Ellen G. White Writings

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SDA Bible Commentary, vol. 7 (EGW), Page 912

one feeling of either belittling or degrading himself, and without discontent; but he bore the burden while at the same time exerting the activities of his mind to advance and attain in spiritual knowledge. He taught, and he practiced the lessons he taught. He had repeated visions from God, and from the light given he knew every man must be a worker with brain and muscle and sinew. This faithful disciple of Christ, and apostle of Jesus Christ, was dedicated without reserve to the service of God (Letter 2, 1889).

10, 14, 15 (Romans 12:11). Idleness a Sin—The apostle in his day considered idleness a sin, and those who indulge this evil today disgrace their profession. They will criticize the faithful worker, and bring reproach upon the gospel of Christ. Those who would believe, they turn from the way of truth and righteousness.

We should be warned not to associate with those who by their course of action lay a stumbling block in the way of others. “If any man obey not our word by this epistle,” the apostle says, “note that man, and have no company with him, that he may be ashamed. Yet count him not as an enemy, but admonish him as a brother.” If he refuses the admonition of the Lord's servants, and follows his own will and judgment under the inspiration of his leader, Satan, he will bring ruin upon himself, and must bear his own sin.

The custom of supporting men and women in idleness by private gifts or church money encourages them in sinful habits, and this course should be conscientiously avoided. Every man, woman, and child should be educated to do practical, useful work. All should learn some trade. It may be tentmaking, or it may be business in other lines; but all should be educated to use the members of their body to some purpose, and God is ready and willing to increase the adaptability of all who will educate themselves to industrious habits.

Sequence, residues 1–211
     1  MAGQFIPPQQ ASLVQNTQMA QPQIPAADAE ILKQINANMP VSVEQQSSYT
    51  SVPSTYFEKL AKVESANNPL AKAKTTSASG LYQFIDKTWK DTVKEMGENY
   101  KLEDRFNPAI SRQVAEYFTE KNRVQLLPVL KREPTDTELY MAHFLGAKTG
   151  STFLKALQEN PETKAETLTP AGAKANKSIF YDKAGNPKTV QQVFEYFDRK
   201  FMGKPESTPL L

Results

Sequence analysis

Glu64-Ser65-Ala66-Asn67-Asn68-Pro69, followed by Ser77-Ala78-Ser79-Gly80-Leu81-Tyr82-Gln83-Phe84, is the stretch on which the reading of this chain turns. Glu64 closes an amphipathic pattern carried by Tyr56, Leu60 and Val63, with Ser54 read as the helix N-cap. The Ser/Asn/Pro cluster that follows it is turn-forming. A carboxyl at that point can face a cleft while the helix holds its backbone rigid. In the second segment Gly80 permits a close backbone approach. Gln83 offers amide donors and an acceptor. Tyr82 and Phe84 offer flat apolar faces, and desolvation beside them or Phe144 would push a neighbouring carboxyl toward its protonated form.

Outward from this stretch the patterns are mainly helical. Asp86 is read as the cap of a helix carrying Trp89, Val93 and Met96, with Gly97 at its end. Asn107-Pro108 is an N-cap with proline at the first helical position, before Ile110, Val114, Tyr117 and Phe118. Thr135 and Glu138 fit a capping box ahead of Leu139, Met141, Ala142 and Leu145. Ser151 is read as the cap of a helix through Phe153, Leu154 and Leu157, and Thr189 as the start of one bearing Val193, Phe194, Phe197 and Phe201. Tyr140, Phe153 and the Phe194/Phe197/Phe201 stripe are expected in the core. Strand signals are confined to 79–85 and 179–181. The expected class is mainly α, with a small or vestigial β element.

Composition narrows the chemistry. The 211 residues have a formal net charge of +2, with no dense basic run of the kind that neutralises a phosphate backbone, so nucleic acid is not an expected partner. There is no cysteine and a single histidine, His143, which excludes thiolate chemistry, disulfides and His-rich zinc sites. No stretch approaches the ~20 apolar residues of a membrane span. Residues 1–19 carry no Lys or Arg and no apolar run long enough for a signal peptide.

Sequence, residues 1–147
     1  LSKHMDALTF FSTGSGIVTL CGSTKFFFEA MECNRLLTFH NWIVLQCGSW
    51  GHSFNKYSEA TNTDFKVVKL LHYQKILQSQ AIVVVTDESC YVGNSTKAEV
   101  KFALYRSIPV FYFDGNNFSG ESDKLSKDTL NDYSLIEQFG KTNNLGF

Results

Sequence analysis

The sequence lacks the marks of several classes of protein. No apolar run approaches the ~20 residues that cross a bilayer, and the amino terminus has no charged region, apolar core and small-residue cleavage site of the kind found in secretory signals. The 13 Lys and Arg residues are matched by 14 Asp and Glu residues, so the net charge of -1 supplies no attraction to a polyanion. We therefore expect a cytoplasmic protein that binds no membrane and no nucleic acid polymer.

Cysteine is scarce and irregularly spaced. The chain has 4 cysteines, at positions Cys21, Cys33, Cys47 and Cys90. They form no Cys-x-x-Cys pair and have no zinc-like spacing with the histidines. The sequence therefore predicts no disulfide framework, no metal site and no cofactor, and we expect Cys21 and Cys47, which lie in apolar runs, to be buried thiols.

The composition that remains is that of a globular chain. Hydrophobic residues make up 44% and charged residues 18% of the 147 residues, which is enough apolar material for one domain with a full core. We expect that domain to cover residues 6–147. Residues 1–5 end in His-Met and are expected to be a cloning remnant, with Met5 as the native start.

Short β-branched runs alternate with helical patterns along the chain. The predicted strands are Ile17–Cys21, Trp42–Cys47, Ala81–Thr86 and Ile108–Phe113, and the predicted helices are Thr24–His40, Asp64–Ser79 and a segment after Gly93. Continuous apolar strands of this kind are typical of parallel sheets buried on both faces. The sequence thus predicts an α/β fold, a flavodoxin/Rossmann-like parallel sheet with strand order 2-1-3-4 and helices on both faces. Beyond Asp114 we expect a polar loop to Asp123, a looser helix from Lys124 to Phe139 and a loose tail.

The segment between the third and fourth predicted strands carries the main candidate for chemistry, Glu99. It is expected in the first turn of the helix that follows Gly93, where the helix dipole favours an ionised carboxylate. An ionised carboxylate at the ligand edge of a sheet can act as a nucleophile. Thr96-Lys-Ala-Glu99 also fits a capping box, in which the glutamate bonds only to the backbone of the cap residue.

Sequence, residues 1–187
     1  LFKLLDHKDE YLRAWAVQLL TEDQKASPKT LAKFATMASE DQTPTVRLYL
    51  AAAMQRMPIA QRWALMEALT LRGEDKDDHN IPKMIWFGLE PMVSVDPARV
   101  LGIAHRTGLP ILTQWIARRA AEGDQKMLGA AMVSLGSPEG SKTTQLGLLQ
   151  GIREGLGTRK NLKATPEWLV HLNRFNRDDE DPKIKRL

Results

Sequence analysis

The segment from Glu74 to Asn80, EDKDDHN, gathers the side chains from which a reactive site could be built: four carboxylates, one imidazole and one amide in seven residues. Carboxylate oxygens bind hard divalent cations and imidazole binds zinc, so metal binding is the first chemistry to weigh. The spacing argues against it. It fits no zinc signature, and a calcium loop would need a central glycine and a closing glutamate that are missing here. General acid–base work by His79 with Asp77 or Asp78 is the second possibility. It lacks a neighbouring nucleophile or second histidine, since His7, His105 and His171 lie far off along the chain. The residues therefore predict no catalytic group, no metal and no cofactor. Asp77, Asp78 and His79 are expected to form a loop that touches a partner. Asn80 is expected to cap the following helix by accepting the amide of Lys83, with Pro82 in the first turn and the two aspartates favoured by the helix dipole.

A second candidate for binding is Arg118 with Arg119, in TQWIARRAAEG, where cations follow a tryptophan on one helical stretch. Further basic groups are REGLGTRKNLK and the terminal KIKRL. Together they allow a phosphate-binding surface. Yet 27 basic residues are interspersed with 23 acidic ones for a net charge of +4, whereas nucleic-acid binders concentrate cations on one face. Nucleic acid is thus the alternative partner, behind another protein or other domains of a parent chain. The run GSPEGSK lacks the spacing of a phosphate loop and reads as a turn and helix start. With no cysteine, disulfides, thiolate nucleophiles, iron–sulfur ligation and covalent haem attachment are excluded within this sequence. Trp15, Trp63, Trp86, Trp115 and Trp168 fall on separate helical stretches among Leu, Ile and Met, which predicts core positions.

If a man in good physical health has property, and has no need of entering into employment for his own support, he should labor to acquire means that he may advance the cause and work of God. He is to be “not slothful in business; fervent in spirit; serving the Lord.” God will bless all who will guard their influence in regard to others in this respect (Manuscript 93, 1899).

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1 Timothy

Chapter 1

9, 10. See EGW on Romans 8:15-21.

15. See EGW on 2 Corinthians 12:1-4.

19, 20. The Enemies of Paul—These men had departed from the faith of the gospel, and furthermore had done despite to the Spirit of grace by attributing to the power of Satan the wonderful revelations made to Paul. Having rejected the truth, they were filled with hatred against it, and sought to destroy its faithful advocate (Sketches from the Life of Paul, 305).

Chapter 2

5 (John 1:1-3, 14; Philippians 2:5-8; Hebrews 2:14-18; see EGW on Acts 15:11). Acting in God's Stead—Adam and Eve were given a probation in which to return to their allegiance; and in this plan of benevolence all their posterity were embraced. After the Fall, Christ became Adam's instructor. He acted in God's stead toward humanity, saving the race from immediate death. He took upon Him the work of mediator between God and man. In the fullness of time He was to be revealed in human form. He was to take His position at the head of humanity by taking the nature but not the sinfulness of man (The Signs of the Times, May 29, 1901).

(Acts 4:12; Hebrews 7:25; 9:22; 1 John 1:7-9.) Faith in the Blood of Christ—God is approached through Jesus Christ, the Mediator, the only way through which He forgives sins. God cannot forgive sins at the expense of His justice, His holiness, and

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